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Were you riding the Jamis or the Giant?

And yes weight makes a huge difference in both ease of climbing and speed of ascent. I've put on 6-7 pounds (normal for me this time of year) and I can tell a big difference on the hills. Like you I topped out at 220 lbs and now I'm typically around 170 lbs. Good job on your part. Keep it up.
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Old 02-02-09, 04:57 PM   #13
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Were you riding the Jamis or the Giant?

And yes weight makes a huge difference in both ease of climbing and speed of ascent. I've put on 6-7 pounds (normal for me this time of year) and I can tell a big difference on the hills. Like you I topped out at 220 lbs and now I'm typically around 170 lbs. Good job on your part. Keep it up.
Oh, the Giant without a doubt.
The Jamis is a great bike but it's not the climber the Giant is.
Man, talk about the difference a few pounds make

Still, I weighed myself today and I have dropped about 3 lbs or so.
Pretty soon I should be back under 200 again.. I don't know that I'll ever see 170 again.
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Old 02-02-09, 06:59 PM   #14
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Sure, weight makes a difference in climbing. I can feel a difference in climbing at 160 vs. my pre-cancer weight of 200 even though my strength and endurance have not yet returned enough to let me fully realize the change.

But let's not get so focused on weight and ultimate performance that we lose appreciation for what climbing is in bicycling. It is in many ways the ultimate test of rider determination. Being able to climb hills that once made us quit and turn around or get off and push is a huge victory. Being able to take a hill in one continuous effort when we used to have to stop a few times to catch our breath makes us feel superhuman. Seeing our time to climb a particularly difficult hill drop each time we do it is a rightful source of pride. To do all this while carrying a few extra pounds doesn't make it any less of an accomplishment, perhaps more in a way.

Not that there isn't merit in recognizing the weight as a limiting factor and addressing it as such. Just as working on your breathing, cadence, position and pedaling dynamics are ways to improve climbing, so is dropping a few pounds or using a lighter, better climbing bike. But the biggest victory is in doing it at all.

Wow, what a rambling rant. Anyway, way to go, SKT.
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Old 02-02-09, 07:29 PM   #15
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I climbed hills today and I loved it. Hills are fun, and you deceive one'sself into thinking that something has really been accomplished besides simply going from some place lower to some place higher and then returning to some place lower.
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Old 02-02-09, 07:53 PM   #16
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Sure, weight makes a difference in climbing. I can feel a difference in climbing at 160 vs. my pre-cancer weight of 200 even though my strength and endurance have not yet returned enough to let me fully realize the change.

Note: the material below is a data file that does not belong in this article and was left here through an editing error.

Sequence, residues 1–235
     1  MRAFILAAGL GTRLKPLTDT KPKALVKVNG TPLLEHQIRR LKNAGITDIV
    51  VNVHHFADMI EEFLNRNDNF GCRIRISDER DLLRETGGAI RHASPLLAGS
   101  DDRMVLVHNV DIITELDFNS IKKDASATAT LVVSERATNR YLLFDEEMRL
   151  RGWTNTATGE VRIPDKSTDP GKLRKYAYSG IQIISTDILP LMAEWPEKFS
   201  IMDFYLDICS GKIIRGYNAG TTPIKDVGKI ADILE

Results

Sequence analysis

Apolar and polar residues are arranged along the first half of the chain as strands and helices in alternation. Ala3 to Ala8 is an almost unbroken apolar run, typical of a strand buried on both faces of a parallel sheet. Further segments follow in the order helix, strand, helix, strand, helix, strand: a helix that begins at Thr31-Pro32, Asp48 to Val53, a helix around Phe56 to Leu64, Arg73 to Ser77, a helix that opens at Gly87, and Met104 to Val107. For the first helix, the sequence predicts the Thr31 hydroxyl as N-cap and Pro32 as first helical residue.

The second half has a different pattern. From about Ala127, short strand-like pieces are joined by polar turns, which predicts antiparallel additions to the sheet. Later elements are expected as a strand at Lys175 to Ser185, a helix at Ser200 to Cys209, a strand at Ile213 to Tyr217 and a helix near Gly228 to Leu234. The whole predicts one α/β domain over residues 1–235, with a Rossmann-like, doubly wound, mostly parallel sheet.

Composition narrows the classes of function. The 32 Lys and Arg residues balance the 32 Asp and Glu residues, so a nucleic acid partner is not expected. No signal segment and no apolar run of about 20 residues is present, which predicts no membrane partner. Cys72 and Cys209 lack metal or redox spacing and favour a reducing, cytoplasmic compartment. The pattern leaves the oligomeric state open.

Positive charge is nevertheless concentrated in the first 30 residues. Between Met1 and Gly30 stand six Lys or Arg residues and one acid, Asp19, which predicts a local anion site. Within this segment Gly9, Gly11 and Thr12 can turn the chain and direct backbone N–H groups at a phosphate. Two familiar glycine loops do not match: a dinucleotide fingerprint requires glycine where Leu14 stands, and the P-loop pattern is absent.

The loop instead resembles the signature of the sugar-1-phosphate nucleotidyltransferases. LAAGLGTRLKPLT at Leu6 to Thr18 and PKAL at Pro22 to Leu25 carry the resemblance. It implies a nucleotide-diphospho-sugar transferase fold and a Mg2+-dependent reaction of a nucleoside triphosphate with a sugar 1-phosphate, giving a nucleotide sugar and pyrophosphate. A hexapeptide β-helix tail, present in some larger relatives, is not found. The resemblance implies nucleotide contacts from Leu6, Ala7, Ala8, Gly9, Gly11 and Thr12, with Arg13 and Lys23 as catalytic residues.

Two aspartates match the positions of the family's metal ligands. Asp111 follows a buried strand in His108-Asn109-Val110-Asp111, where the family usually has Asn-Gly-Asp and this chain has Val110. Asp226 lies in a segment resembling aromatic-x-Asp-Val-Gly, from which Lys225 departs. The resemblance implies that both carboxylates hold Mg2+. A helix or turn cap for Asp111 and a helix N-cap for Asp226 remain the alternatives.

But let's not get so focused on weight and ultimate performance that we lose appreciation for what climbing is in bicycling. It is in many ways the ultimate test of rider determination. Being able to climb hills that once made us quit and turn around or get off and push is a huge victory. Being able to take a hill in one continuous effort when we used to have to stop a few times to catch our breath makes us feel superhuman. Seeing our time to climb a particularly difficult hill drop each time we do it is a rightful source of pride. To do all this while carrying a few extra pounds doesn't make it any less of an accomplishment, perhaps more in a way.

Not that there isn't merit in recognizing the weight as a limiting factor and addressing it as such. Just as working on your breathing, cadence, position and pedaling dynamics are ways to improve climbing, so is dropping a few pounds or using a lighter, better climbing bike. But the biggest victory is in doing it at all.

Wow, what a rambling rant. Anyway, way to go, SKT.
You make some good points with your rant!! In my case probably improved endurance and just learning to push through the mental hurdles andn to give in to the inner voices screaming to stop and unclip came along with the weight loss so they really do go hand in hand.
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Old 02-03-09, 12:02 AM   #17
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When others climbing with me start moaning about the hill, I quote BD's sig line and they stop whining.

The body follows where the mind leads. We couldn't finish the last 200 yds. up Mt. Diablo (~ 18%) on the tandem because I let myself be intimidated -- I believed that I couldn't do it. And so I couldn't do it.

It really is like that sports guy said: Cycling is 50% physical and 90% mental. Or something like that.

Note to SKT: You rarely fail to inspire me. Thank you. And good job!
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Old 02-03-09, 12:07 PM   #18
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As I've said before, when I read of what so many others here in the 50+ world are doing, if my own little battles and victories inspire anyone, then I am truly humbled and honored. I do work pretty hard at it... maybe a little *too* hard... I could very well be setting myself up for something bad by pushing my limits but at least I'll go down fighting (and happy). I do try to be smart about it but I sure wish I could monitor my BP out on a ride.

I agree about the focus on weight. True, my weight dropped a fair amount and I was able to work harder which added more muscle and made me heavier again. It also made me categorically stronger.

No doubt climbing is soooo mental (in every sense of the word, really ).
I know there's always a point -just before I find a rhythm- where my legs get unpleasantly tired but I know it's only a game my body is playing with my head. So, I push the pedals over once more and once more and... then my head wins. It was a joy on Saturday to watch the pavement move ahead of my front wheel. I'd look up and see the top of the climb and it never got any closer. Kind of discouraging but then I'd look across the road and see just how fast it was actually going by at 6 or 7mph. This was on Guadalupe Canyon. On Radio Road I wasn't looking at anything other than what was straight ahead. When I would stop, I look at the climb to come and try to guess how far I'd make it over the next stint. I always made it past the point I'd pick

I will say though that there's no way I'd be doing any of this without my 30x27. On the other hand, where I used to spend my time going between my 30T and 39T, I now spend it between my 39T and my 52T. Life is good

Talk about crazy though